Saturday evening I said goodbye to my son Ben, who officially started his four years at Beloit College.
I am grateful that the send-off was better than the one that Scott Bierman, the president of Beloit College, experienced years ago when he dropped his second daughter off at Kenyon College.
As the drop-off day wore on, Bierman told a gathering of Beloit parents and freshmen, that it had become obvious that he and his wife were no longer needed and were simply in the way. His daughter finally shouted: “Go away you freaks!” There were no tears shed on the ride back,” recalled Bierman, who had clearly recovered from the snub.
The hardest part of saying goodbye to Ben really had little to do with the gangly, six-foot-tall boy who had flown out with me from San Diego. I was stunned at how 18 years had sped by so fast.
It seemed like just yesterday when my husband and I still needed babysitters. It seemed like yesterday that were driving all over Southern California to watch Ben play soccer. It seemed like yesterday that I was hitting yard sales on Saturday mornings to keep Ben supplied with popsicle sticks, tinker toys, Legos, magnets, pipe cleaners and all sorts of other treasures to fuel his imagination. And, aahh, the many days when Ben and I would dive into the dumpster behind our neighborhood bike shop to rescue big cardboard boxes that we loaded into the stationwagon for his latest project.
Saying Goodbye to Your College Freshman
As I reminisce, I know what I have lost, but what have I gained? Or at least what can I expect now that Ben is a college freshman?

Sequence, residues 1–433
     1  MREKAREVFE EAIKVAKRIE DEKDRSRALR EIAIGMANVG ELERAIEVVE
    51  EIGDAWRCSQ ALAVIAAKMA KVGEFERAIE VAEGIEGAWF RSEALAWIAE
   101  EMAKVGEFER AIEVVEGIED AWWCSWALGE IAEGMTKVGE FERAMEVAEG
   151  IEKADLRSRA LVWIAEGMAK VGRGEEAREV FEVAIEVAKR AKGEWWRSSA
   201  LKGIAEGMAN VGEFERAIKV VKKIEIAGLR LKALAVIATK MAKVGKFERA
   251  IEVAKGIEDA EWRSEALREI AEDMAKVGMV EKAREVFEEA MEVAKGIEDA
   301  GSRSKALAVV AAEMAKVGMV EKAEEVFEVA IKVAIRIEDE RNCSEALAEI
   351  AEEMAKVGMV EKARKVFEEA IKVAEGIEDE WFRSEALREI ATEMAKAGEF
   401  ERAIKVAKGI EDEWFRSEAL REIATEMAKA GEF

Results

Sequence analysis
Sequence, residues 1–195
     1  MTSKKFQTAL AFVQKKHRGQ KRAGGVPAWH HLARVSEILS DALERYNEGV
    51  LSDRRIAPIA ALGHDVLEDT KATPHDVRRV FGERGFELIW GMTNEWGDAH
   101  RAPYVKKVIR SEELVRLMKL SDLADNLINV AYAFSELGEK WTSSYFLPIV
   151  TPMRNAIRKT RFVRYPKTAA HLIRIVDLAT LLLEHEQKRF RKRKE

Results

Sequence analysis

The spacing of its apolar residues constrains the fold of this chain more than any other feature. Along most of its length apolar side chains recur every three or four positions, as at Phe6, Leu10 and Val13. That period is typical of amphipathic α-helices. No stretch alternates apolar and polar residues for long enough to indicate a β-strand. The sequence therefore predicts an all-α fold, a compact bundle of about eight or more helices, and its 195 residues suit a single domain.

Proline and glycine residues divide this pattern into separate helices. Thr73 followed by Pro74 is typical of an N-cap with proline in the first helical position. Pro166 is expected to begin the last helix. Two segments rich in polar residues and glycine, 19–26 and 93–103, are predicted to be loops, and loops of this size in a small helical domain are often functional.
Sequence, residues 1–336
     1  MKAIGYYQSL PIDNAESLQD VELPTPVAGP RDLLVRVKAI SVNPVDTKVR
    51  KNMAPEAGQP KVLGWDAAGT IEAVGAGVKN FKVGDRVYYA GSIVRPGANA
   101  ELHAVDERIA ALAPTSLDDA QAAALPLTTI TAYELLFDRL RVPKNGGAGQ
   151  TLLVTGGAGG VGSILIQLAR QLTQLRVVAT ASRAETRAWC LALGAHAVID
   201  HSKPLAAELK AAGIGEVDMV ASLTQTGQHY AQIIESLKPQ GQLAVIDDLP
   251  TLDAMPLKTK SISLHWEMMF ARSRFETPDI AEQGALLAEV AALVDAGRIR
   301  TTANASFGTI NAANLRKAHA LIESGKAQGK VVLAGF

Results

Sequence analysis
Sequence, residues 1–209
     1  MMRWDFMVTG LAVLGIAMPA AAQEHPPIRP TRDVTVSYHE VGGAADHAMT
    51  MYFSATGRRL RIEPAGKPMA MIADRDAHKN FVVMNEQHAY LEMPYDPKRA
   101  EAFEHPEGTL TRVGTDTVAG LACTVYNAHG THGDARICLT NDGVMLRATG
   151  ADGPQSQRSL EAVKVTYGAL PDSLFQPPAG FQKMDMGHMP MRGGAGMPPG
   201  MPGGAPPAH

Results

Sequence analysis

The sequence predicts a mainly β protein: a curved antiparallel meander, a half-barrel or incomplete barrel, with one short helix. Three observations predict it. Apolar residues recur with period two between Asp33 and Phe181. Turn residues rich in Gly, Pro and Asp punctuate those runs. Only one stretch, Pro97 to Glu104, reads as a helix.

In the college’s stone chapel, William Flanagan, the dean of students, talked on Saturday about what lay ahead for the 310 freshman, who had assembled with their parents. I think what he said to those gathered will certainly be applicable to others who are about to embark on this odyssey. Here are a couple of observations that resonated with me:
College will help teenagers, on the cusp of adulthood, stop viewing the world in black and white. College will expose them to new ideas, people, cultures and experiences. They will discover that the world is a much broader place and simple answers are rare. (All I can say to that is, “Amen!” )
Freshmen, on the cusp of adulthood, will have to put emotional distance between themselves and their parents. They have to grow. By Christmas break, parents will see changes.
Beginning today, parents need to prepare themselves for their children moving away emotionally and a sense of humor helps! His comments reminded me of a wisp of cross stitching that my mom made and hung in her home in St. Louis after my parents’ five children had all graduated from colleges: The greatest gift that a mother can give her child are wings.
Before I said goodbye, another Beloit mom and friend from Chicago, took a picture of Ben and me. Ben pretended that he was on the verge of tears. He laughed and then I hugged him and kissed him on the cheek.
I told him I was proud of him. And then he wrapped his long arms around me and gave me a squeeze. Before he left, he gazed at me with an inscrutable look. And then he turned around and walked across the lawn and disappeared.